GDC 195-196: “Catechesis and popular devotion”

These two sections fall under the heading of “Catechesis and popular devotion,” referenced in previous documents: the General Catechetical Directory 6; Evangelii Nuntiandi 48; and Catechesi Tradendae 54. I’ll let you read through the sections, then I’ll offer a concern or two about this text, and then you all can have at it through your commentary.

195. As a vital dimension in Catholic life, there exists in Christian communities, particular expressions of the search for God and the religious life which are full of fervour and purity of intention, which can be called “popular piety”. “For it does indicate a certain thirst for God such as only those who are simple and poor in spirit can experience. It can arouse in them a capacity for self dedication and for the exercise of heroism when there is a question of professing the faith. It gives (people) a keen sensitivity by virtue of which they can appreciate the ineffable attributes of God: his fatherly compassion, his providence, his benevolence and loving presence. It can develop in the inmost depths of (people) habits of virtue rarely to be found otherwise in the same degree, such as patience, acceptance of the Cross in daily life, detachment, openness to other (people) and a spirit of ready service”.(Evangelii Nuntiandi 48) This is a rich yet vulnerable reality in which the faith at its base may be in need of purification and consolidation. A catechesis, therefore, is required which is of such religious richness as to be quick to appreciate its inherent nature and its desirable qualities and zealous to direct it so that the dangers arising out of its errors or fanaticism, superstition, syncretism, or religious ignorance may be avoided. “When it is wisely directed popular piety of this kind can make a constantly increasing contribution towards bringing the masses of our people into contact with God in Jesus Christ”.(Evangelii Nuntiandi 48)

196. Multiple forms of devotion to the Mother of God have developed in different circumstances of time and place, in response to popular sensibilities and cultural differences. Certain forms of Marian devotion however, because of long usage, require a renewed catechesis to restore to them elements that have become lost or obscured. By such catechesis the perennial value of Marian devotion can be emphasised, doctrinal elements gleaned from theological reflection and the Church’s Magisterium assimilated. Catechesis on the Blessed Virgin Mary should always express clearly the intrinsic Trinitarian, Christological and ecclesiological aspects of mariology. In revising or drawing up materials for use in Marian piety account should be taken of biblical, liturgical, ecumenial and anthropological orientation.(Cf. Marialis cultus 24, 25, 29)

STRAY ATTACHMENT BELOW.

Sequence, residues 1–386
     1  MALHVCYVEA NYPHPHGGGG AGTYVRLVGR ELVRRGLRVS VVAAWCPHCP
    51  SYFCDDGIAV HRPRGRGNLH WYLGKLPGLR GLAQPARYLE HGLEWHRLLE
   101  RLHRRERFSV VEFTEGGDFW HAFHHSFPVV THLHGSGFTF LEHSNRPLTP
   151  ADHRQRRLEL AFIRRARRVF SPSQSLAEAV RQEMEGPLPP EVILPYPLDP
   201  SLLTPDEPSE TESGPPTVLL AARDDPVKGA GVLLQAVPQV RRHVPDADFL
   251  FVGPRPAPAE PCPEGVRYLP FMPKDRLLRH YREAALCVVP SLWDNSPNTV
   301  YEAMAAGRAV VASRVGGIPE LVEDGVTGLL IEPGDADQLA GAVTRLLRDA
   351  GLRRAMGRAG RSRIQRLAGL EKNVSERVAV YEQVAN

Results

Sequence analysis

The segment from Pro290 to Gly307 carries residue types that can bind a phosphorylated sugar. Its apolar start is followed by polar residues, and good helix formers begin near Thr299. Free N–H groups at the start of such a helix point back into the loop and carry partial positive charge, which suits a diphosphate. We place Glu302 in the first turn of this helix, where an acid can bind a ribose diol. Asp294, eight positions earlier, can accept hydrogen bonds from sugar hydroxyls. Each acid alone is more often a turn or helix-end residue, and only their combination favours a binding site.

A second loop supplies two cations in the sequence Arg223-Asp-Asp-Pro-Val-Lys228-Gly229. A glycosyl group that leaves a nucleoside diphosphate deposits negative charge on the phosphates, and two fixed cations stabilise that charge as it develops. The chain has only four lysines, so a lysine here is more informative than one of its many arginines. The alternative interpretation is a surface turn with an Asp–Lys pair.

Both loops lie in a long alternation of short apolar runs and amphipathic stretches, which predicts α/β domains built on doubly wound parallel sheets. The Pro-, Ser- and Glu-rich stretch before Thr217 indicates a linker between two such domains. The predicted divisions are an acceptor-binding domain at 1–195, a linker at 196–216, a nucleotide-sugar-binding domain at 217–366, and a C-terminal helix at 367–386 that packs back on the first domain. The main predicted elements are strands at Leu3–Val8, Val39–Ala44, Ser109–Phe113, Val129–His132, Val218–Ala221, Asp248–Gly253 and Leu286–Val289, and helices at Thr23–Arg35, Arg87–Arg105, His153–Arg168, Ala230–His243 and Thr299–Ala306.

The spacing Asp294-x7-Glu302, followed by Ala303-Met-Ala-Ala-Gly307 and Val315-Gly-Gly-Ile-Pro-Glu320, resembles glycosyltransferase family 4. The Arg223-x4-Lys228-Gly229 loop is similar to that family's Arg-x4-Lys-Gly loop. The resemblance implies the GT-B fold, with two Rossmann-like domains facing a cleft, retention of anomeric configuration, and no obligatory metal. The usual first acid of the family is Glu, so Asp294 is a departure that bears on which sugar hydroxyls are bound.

I’m not entirely at ease with the association of popular piety with “simple” believers. Some of what the Church is trying to grasp here is perhaps the affective side of the life of faith, but even there, I’m not enirely satisfied with leaving the bulk of piety in the realm of the heart. Some aspects of piety are very much intellectualized. Intellectual people strive for God no less than anyone else, and many have certain attachments, certain pieties that reflect that.

On the other hand, piety, no matter its form or human source, does indeed need to be free of “fanaticism, superstition, syncretism, and ignorance.” But we also have those lamentable qualities among the highly educated, even the theological folk and shepherds of the Church.

GDC 196 seems to present a good summary of the place of Marian devotion.

Your thoughts on any of this?

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About catholicsensibility

Todd and his family live in Ames, Iowa. He serves a Catholic parish of both Iowa State students and town residents.
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